Tying up two threads – what effect does running /PAE (and/or /NoExecute) have on running /3GB (which Raymond Chen is currently writing about)? I know that the PAE mode uses 64 bits per PTE/PDE rather than 32, so you get half as many PTEs into a given virtual address space. I’ll have to confess that I don’t know whether the system address space contains all page tables for all running processes, or whether a different set of mappings is used for each process.

  2. Mike: That ties in with my first entry on memory management. Using them together means you need twice as much memory to keep track of your memory, but conversely, the kernel has half the memory to work with. In extreme situations, you can exhaust nonpaged pool, and once you do, your system is dead.

    That’s why we cap the memory limit at 16GB when using both. If you had say 24GB, used both /PAE and /3GB, the kernel would only have enough RAM to boot, and keep track of memory. Not a very useful system. 🙂

  3. Mike Dimmick says:

    Sorry, I noticed that on your earlier entry only after posting.

    I’ll admit to being a bit concerned that Exchange Information Store seems to require /3GB and /USERVA if you have more than 1GB of RAM – apparently to solve memory fragmentation problems according to http://support.microsoft.com/default.aspx?kbid=823440. That sounds more like Exchange has memory management design problems – which is a little concerning because the post-2003 version of Exchange, code-named Kodiak, has apparently been cancelled. Our server only has 768MB of RAM, so I don’t need to worry about this one at the moment.

    I’m rapidly coming to the conclusion that /3GB is only useful in very rare situations.

  4. scotts says:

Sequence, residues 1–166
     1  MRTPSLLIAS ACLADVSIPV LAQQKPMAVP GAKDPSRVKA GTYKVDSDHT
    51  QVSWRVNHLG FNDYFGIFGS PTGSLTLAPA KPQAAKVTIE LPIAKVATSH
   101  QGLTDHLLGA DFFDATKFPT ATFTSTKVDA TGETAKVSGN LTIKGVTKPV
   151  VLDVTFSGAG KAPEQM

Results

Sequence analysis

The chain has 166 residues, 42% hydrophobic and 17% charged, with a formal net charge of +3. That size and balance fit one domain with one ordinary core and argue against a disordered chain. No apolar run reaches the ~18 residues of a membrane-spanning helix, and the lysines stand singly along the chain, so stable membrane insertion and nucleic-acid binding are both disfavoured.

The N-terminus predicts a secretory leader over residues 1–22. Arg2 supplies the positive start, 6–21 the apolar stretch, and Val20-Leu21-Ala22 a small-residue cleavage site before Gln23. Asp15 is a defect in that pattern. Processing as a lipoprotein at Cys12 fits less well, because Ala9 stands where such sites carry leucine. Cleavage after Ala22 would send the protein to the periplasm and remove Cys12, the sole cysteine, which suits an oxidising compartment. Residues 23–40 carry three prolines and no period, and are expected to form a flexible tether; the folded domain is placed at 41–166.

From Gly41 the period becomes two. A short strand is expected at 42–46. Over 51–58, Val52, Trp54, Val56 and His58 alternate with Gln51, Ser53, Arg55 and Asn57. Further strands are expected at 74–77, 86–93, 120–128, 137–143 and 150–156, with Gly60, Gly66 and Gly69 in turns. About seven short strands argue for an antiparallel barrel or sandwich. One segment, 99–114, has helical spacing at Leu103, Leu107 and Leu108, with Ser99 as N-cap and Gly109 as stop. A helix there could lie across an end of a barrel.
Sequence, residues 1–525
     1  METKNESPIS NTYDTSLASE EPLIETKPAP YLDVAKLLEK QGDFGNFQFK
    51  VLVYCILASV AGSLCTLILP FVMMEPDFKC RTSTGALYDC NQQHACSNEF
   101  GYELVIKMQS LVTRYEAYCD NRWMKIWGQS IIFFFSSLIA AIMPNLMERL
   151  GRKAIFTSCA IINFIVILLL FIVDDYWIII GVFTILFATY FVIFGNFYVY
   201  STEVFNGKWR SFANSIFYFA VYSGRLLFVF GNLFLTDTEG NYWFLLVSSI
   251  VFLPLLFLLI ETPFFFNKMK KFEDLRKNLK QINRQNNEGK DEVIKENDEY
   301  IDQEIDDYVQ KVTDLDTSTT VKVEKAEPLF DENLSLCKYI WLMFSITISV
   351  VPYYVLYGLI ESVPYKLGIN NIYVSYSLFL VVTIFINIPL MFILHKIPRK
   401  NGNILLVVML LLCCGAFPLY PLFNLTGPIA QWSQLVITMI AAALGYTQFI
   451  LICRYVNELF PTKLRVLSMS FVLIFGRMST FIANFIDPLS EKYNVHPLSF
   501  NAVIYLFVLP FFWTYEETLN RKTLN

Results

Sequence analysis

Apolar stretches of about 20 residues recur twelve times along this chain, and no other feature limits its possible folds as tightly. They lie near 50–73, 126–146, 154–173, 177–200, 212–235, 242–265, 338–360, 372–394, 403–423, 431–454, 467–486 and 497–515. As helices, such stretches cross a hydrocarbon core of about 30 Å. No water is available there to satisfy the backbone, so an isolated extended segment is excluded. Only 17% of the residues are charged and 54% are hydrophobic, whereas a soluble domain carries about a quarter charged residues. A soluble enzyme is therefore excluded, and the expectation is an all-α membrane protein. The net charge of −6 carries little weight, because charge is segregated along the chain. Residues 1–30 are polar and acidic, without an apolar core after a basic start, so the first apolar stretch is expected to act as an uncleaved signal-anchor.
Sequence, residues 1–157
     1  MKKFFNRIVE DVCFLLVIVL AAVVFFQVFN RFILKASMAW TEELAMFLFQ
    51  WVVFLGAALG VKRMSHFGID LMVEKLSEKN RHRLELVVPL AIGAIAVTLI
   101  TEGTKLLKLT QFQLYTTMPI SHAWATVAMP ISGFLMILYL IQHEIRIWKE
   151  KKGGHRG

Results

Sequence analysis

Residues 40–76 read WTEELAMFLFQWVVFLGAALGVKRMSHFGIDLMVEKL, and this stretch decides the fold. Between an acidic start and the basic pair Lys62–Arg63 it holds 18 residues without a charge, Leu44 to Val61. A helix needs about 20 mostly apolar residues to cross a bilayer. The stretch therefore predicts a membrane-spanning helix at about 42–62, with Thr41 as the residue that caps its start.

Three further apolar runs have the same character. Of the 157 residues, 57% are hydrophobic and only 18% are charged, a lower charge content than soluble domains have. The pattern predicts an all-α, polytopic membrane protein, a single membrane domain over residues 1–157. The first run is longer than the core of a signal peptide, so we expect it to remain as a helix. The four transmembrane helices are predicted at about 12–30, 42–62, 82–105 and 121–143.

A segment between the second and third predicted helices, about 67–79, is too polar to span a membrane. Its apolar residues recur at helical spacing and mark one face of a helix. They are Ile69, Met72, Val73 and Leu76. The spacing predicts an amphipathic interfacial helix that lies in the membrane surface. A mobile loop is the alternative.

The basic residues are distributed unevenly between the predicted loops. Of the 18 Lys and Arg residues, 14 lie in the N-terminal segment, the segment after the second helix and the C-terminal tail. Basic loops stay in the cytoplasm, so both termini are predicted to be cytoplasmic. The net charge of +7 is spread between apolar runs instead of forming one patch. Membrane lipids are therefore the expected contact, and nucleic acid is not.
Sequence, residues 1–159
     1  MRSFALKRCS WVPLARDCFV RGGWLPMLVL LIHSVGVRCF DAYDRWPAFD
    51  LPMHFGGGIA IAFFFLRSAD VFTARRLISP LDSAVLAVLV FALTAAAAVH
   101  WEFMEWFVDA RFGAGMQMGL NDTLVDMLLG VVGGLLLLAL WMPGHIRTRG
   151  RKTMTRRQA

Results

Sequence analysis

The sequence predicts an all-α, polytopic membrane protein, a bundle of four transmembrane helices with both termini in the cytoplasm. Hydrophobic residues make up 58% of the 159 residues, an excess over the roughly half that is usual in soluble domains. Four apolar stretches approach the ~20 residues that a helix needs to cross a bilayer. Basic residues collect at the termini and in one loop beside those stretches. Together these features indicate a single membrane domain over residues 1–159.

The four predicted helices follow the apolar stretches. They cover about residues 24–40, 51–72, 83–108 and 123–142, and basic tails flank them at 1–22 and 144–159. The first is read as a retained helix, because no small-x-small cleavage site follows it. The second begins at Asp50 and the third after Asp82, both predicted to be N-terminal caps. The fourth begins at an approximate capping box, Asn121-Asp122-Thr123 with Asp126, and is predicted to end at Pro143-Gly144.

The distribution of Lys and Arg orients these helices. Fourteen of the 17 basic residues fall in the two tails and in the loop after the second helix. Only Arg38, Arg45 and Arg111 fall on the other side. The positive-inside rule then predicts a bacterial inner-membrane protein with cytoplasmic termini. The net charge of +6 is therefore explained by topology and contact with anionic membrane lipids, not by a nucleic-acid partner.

I updated my xp sp1 32 bit with the final msdn version of xp sp2 and on reboot I get a stop 0xFC error every time it mentions no execute in the text.

    I do have an AMD 64 3200 chip any idea and how to get SP2 working?

  5. Scotts, you can figure out which driver is causing the system to stop with that error and remove it, or edit your boot.ini to remove the /noexecute switch.

    I’d suggest the first option, since chances are the driver is doing other things that are just generally a bad idea.

  6. Mike,

    Exchange has a severe memory fragmentation issue, but if you’re running Exchange on a machine with only 768M of RAM, then it’s unlikely you’re servicing enough users to see the problem (it starts showing up with several (3-5) thousand users, and I doubt you could support several thousand users on a machine with that little RAM (maybe you could, I don’t know)).

    The base of the problem is the way that the default NT heap’s sections grow – by default, the NT heap grows in powers of two, which means that you start trying to allocate 128M virtual addresses pretty quickly (after 8 segments). Exchange fixes that by using multiple fixed sized heaps, but even that’s not necessarily enough, when you factor in system threads etc.

    That’s why /3G helps – it increases the amount of virtual address space available to be fragmented 🙂

  7. Does this apply to XP as well? If so, what settings in boot.ini are required to make this work properly?

    Installing SP2 took my machine from showing 4GB of memory to showing 3.18GB of memory.

    No combination of /PAE and /NoExecute=xxx retreived the memory. From a workstation perspective, the difference between 3GB and 4GB of memory is trivial, and SP2 has yet to show any other problems.